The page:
The critical role of research and development (R&D) and advertising in the marketing strategy of the firm is well established. This paper conceptually and empirically examines why and how much the effectiveness of these two marketing instruments differs between times of economic expansions versus periods of economic contractions-and whether these results depend on the cyclicality of the industry in question. We consider a key marketing metric (market share) and a key financial metric (firm profit). Our empirical setting is 1,175 U.S. firms across a time period spanning over three decades. We find that R&D and advertising contribute to firm performance but that their effectiveness is not constant across the business cycle. Increasing advertising share in contractions has a stronger effect on profit and market share than increasing advertising share in expansions. Likewise, investments in R&D in contractions lead to higher gains in market share and profit than R&D investments in expansions, albeit only in subsequent years. If in contractions the firm faces tight budget constraints and has to choose between either maintaining R&D or advertising, our simulation results show that maintaining R&D is associated with better company performance. We find that advertising effectiveness, in general, and in contractions, in particular, is systematically moderated by the degree of cyclicality of the industry in which the firm operates. In relatively stable industries, advertising effects are small or even nonsignificant, and they do not go beyond the year the firm advertises. However, in highly cyclical industries, advertising effects are long-lasting, its total effect being 50% larger (market share) and 200% larger (profits) than in industries of average cyclicality. The effect of industry cyclicality on advertising effectiveness is especially pronounced in contractions. Collectively, these findings provide valuable and actionable insights into how firms should respond to contractions in order to grow profits and market share.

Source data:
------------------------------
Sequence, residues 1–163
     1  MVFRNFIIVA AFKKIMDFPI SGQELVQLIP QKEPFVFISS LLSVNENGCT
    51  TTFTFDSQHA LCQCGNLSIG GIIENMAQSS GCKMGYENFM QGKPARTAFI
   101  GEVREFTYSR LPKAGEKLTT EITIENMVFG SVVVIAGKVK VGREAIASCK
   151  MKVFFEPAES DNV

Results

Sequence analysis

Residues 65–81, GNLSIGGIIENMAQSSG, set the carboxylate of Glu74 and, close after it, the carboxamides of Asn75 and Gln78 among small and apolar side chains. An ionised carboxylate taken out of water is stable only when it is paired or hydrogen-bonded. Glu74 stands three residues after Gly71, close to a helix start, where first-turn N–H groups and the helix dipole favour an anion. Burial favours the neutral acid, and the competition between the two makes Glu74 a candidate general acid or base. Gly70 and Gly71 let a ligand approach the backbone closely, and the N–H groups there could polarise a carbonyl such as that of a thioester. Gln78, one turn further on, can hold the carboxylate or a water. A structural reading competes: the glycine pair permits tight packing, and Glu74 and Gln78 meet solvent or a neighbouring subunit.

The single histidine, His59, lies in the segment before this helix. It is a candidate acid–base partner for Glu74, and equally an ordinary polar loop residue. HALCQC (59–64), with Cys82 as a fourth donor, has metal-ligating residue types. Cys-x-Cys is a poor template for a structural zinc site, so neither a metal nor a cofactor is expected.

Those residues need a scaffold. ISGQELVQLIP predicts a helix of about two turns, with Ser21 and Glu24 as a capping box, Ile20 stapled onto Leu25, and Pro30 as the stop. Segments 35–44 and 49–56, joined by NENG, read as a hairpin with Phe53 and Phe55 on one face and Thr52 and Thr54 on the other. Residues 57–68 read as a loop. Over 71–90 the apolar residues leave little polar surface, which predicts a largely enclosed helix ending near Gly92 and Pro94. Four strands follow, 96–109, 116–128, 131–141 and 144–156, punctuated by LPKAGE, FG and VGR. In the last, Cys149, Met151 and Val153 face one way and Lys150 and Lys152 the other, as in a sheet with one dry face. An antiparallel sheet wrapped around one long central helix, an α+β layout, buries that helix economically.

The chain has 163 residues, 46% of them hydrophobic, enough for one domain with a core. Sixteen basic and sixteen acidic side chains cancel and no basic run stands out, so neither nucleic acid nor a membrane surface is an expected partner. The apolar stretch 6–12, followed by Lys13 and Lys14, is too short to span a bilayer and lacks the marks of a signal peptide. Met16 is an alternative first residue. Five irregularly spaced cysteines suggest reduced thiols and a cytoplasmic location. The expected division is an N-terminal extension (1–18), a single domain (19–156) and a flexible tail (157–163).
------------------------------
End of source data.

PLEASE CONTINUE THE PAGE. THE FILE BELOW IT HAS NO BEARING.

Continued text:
- Economic contractions
ASJC Scopus subject areas
- Business and International Management